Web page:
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For immediate release
Interreligious Dialogue Must Be a Priority,
“In this first decade of the Third Christian Millennium we — that is, all humanity — have entered into a new unprecedented era of violence and militant polarization… Religious leaders like ourselves should be at the forefront of trying to overcome these divisions and promoting peaceful and just resolutions to the problems faced by our world,” Sulpician Father Ronald Witherup told members of the Conference of Major Superiors of Men in his presidential address during the annual assembly, August 3-6 in Scottsdale, Arizona.
“Ignorance is at the root of a lot of violence today,” Father Witherup said, “and only study, dialogue and careful listening to ‘the other’ can lead us out of this morass.”
The importance of engaging in interreligious dialogue was echoed in keynote addresses by Trappist Father and former Abbot Thomas Keating of Snowmass Abbey in Colorado and the Reverend Bud Heckman, executive director of Religions for Peace USA.
“We are at the entrance to one of the greatest religious experiences that history has had,” said Abbott Keating. What is needed to enter into deep interreligious dialogue, he continued, is “A great commitment to the transformative process … our response to the grace in others.” We should seek, Abbot Keating said, to share “communion” with others — that is communal resting in God, in silence. From his experience of a lifetime of contemplative prayer, he said, “Silence is God’s first language; everything else is translation.”
“We are in entirely new territory,” said Reverend Heckman, a Methodist minister and executive director of Religions for Peace USA. Since passage of the 1965 immigrant act, people of widely diverse faith traditions have been coming in ever larger numbers to the United States. He said it is incumbent upon majority religions to reach out in dialogue. “People from a minority faith tradition don’t have the luxury not to engage in interreligious dialogue.”
The keynote talks and the workshop experiences focused on a personal approach. “Dialogue is not so much about the encounters of different faiths. It concerns rather the encounters of people of different faiths,” said Father Witherup in his presidential message.
The theme of the assembly, The Religious Life in an Interreligious World, said CMSM executive director, Marist Father Ted Keating, was a reflection of today’s world. “In this country, religious pluralism has become a fact of life. It has become a necessity to openly and forthrightly deal with other religions because you can no longer truly understand your own faith without seeing how it interacts with other traditions. This seems to be a special grace in ‘the signs of the times’.”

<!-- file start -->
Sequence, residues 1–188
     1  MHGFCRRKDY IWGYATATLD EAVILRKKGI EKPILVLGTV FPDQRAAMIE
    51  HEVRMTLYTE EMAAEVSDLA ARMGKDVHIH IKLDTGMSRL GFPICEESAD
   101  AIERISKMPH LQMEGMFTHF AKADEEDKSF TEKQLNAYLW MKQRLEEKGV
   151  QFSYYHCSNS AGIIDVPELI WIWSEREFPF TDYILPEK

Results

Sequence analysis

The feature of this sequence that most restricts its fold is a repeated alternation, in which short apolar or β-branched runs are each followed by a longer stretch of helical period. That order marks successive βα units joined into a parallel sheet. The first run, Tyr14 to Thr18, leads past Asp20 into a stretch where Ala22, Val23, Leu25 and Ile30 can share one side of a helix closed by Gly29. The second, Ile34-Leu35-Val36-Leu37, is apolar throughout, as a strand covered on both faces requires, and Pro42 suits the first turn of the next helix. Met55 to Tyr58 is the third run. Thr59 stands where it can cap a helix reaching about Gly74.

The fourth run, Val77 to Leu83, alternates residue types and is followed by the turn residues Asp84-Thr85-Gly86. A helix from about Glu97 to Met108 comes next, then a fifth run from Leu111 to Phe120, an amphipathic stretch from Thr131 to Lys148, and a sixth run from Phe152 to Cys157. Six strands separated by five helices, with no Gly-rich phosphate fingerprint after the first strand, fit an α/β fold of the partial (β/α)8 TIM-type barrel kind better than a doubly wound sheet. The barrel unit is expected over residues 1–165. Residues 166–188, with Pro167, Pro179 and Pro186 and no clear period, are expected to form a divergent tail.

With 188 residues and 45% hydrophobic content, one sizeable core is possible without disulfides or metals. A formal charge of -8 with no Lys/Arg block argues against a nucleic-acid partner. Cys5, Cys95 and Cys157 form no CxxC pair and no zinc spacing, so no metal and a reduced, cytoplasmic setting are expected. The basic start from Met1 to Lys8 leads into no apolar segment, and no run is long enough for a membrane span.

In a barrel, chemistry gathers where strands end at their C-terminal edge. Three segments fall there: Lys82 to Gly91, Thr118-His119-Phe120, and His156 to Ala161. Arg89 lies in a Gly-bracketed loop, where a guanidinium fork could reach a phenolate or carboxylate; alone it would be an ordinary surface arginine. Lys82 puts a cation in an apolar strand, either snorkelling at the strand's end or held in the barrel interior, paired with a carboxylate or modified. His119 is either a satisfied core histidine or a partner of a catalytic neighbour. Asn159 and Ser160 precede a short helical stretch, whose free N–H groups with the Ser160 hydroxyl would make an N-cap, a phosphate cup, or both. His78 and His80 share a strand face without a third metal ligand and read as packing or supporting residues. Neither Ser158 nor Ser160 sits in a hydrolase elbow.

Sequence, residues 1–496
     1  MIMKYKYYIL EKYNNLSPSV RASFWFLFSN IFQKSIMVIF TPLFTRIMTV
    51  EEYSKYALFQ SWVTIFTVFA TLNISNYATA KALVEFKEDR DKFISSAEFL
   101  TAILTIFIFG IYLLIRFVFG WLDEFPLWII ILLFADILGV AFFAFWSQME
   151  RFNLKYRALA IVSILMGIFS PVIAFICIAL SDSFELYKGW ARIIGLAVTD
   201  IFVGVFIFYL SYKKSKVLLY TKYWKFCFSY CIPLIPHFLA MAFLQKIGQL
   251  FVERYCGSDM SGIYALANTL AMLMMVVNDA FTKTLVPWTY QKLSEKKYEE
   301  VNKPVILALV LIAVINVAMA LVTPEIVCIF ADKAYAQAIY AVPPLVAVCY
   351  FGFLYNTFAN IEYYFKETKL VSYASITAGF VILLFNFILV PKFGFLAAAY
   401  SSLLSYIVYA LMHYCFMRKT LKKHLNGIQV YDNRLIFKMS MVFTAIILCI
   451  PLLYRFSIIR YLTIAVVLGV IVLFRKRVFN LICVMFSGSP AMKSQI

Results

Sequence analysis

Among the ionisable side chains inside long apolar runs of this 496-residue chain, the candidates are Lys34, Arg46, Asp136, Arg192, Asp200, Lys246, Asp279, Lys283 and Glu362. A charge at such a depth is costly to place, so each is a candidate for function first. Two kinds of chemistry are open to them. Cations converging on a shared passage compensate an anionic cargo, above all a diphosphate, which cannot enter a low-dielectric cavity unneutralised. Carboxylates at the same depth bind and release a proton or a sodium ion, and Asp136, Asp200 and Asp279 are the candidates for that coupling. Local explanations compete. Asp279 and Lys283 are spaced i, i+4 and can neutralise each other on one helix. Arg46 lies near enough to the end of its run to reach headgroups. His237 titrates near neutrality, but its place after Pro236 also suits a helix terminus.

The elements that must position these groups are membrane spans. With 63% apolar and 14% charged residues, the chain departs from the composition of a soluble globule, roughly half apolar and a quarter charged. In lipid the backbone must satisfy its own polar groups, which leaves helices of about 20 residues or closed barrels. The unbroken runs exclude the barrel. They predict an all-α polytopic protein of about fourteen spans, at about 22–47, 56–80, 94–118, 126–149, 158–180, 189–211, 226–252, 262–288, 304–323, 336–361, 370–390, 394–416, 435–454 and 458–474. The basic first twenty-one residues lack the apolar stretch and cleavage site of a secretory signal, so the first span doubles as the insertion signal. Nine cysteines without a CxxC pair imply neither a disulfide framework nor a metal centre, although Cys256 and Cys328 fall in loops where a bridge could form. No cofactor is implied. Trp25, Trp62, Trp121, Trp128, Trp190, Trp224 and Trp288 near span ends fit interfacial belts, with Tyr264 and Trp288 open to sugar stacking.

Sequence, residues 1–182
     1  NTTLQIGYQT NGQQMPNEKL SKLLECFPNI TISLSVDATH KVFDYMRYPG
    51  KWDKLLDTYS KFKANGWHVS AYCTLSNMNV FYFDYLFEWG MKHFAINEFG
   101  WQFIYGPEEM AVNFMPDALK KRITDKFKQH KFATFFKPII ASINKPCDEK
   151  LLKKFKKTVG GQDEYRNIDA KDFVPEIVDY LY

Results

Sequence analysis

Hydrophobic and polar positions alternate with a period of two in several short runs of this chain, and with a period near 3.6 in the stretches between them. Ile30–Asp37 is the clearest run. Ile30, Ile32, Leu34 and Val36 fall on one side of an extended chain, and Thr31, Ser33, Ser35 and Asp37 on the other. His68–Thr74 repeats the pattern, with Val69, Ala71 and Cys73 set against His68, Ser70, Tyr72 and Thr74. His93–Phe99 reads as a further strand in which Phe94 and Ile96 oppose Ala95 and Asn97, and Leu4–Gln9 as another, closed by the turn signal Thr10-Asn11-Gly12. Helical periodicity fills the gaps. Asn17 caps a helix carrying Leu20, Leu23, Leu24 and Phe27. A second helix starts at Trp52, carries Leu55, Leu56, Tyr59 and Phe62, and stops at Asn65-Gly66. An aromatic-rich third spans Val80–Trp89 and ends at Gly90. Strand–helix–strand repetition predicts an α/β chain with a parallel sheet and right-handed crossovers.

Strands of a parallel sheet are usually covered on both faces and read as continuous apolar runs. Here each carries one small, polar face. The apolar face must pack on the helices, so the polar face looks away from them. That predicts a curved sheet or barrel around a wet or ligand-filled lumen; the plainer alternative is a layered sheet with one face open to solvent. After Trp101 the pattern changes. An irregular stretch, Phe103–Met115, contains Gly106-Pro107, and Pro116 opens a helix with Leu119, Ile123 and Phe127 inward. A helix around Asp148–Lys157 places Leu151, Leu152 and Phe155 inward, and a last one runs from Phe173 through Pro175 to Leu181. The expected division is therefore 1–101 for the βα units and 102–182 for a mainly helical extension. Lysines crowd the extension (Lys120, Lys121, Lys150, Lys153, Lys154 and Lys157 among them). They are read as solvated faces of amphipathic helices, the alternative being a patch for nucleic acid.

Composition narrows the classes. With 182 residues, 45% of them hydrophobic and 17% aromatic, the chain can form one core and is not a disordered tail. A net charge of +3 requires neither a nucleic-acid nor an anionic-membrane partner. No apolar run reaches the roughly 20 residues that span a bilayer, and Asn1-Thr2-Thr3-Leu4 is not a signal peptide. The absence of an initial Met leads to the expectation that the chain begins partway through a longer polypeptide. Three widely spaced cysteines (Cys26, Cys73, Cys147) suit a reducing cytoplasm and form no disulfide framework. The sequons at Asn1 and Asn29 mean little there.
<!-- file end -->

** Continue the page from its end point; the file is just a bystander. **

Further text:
The more than 150 leaders who attended also had an opportunity to attend workshops on the topic of interreligious dialogue. Benedictine Father Mark Serna, president of the Monastic Interreligioius Dialogue, led a session on the Catholic monastic experience of dialogue with Buddhist monasticism. Reverend Heckman spoke in more detail about interreligious collaboration in peacemaking in local communities around the United States. Dr. John Borelli of Georgetown University spoke on interreligious dialogue in the fabric of U.S. Catholic identity. Jo-Ellen Karstens and David Shaheed led a session on “Focolare: A Lay Ecclesial Community Rooted by Charism in Interreligious Life and Mission.” Franciscan Friar of the Atonement Elias Mallon spoke on the impact on mission and ministry of shifts in the interreligious context of the United States.
On one afternoon, CMSM members had an opportunity to experience what it is like to be a member of another faith tradition in one session on Native American spirituality led by Paul Ojibway, another on Islam led by Judge David Shaheed, and a third on Hinduism led by N.V. Shamasundar.
The assembled leaders also marked the 60th anniversary of the bombing of Hiroshima with an interreligious prayer service culminating at 4:16 p.m. on August 5 (8:16 a.m. August 6 in Japan) with members of the American Buddhist association, Soka Gakkai International.
During the assembly, CMSM members also met in focus groups, held regional meetings, and heard presentations by Fr. Donald Monan, SJ, and Kerry Robinson of the National Leadership Roundtable on Church Management, a group that CMSM has been supporting from its foundation, and an update from Dr. Monica Applewhite of Praesidium Religious Services on the progress of the CMSM Instruments of Hope and Healing accreditation process for dealing with the abuse of minors.
At the business meeting of the Conference, CMSM members elected new at-large delegates to the Board of Directors. Elected were Abbot John Klassen, OSB of St. John’s Abbey, Collegeville, MN, and Very Rev. Thomas Picton, CSSR, provincial of the Redemptorists of the Denver Province.
At the close of the assembly, Dominican Father Dominic Izzo was installed as president of CMSM for the next two years. Father Izzo is the prior provincial of the Dominican Province of St. Joseph, based in New York City.
CMSM promotes the welfare, community life, ministry and mission of more than 20,000 vowed priests and brothers through service to the leaders of 210 Catholic religious communities of men in the United States.